Alfred Hummel as Oscar DaubmannIn the early 1930s the French government informed the German reich that it had discharged all the prisoners of war taken during World War I. All soldiers still missing had to be presumed dead. But in May 1932 this statement appeared to be contradicted when a soldier, Oscar Daubmann, returned to Germany, claiming he had spent the last sixteen years in a French prisoner-of-war camp. Daubmann told a dramatic tale of imprisonment and escape. He said he had been captured by the French in October 1916 at the Battle of the Somme and was placed in a prison camp. After killing a guard during an unsuccessful escape... More…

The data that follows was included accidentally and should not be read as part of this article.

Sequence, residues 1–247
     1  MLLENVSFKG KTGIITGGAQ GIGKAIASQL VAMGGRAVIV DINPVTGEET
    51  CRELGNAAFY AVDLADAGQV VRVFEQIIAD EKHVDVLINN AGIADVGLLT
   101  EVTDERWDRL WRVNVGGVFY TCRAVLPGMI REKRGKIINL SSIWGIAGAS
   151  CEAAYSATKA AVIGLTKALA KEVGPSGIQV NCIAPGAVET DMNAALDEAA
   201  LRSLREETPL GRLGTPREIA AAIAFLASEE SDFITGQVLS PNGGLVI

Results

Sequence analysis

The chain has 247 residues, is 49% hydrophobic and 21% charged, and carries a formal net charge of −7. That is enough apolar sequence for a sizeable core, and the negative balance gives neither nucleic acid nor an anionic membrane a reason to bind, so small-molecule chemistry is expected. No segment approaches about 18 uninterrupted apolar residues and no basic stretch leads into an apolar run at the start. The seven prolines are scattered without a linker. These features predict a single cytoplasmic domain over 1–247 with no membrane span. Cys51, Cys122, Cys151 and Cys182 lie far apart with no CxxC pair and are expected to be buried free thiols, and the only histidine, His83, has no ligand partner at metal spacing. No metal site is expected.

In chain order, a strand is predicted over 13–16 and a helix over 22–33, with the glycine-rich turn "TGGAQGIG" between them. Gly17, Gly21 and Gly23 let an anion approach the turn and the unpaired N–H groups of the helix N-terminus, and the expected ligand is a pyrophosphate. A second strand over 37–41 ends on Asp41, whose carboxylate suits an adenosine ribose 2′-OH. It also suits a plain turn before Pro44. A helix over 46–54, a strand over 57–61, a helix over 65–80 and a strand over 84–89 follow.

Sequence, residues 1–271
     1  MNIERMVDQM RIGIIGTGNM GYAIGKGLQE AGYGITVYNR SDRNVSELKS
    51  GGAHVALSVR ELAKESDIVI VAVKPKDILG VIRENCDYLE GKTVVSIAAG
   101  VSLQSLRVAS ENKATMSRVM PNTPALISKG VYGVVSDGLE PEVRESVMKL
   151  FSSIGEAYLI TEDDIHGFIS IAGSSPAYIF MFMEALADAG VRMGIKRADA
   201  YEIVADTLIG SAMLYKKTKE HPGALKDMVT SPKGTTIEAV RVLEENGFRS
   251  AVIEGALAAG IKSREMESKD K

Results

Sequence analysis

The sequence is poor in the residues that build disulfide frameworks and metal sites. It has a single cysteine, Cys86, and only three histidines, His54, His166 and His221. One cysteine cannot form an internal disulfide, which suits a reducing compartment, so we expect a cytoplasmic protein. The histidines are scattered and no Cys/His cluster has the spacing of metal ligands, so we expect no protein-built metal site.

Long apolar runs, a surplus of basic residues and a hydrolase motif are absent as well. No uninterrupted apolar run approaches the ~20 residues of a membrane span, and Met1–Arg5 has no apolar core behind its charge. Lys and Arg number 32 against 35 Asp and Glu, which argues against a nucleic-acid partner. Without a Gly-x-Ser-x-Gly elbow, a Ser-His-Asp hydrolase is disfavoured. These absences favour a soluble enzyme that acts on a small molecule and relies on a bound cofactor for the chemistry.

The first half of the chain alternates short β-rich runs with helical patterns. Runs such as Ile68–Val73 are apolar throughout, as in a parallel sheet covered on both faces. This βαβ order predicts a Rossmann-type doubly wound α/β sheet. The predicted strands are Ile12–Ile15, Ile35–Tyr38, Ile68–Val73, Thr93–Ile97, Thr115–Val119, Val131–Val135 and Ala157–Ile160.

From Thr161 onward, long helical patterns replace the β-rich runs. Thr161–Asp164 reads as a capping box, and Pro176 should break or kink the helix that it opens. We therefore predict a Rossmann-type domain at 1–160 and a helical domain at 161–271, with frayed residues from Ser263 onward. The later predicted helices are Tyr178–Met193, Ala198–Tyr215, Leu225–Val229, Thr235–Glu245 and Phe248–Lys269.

Lafayette Mulligan, 1924
In 1924 a man calling himself Lafayette Mulligan, claiming to be the social secretary of the Mayor of Boston, presented the Prince of Wales with the key to the City of Boston and invited him to visit the city, while the Prince was vacationing in Massachusetts. However, the Boston Mayor had no idea who Lafayette Mulligan was. In fact, Lafayette Mulligan was the invention of pranksters trying to embarrass the Irish Mayor, whose anti-British sentiment was well known. 'Lafayette Mulligan' subsequently became a running gag, and for some years lent its name to the prank of sending spurious invitations to non-existent events. More…
Phony 9/11 Deaths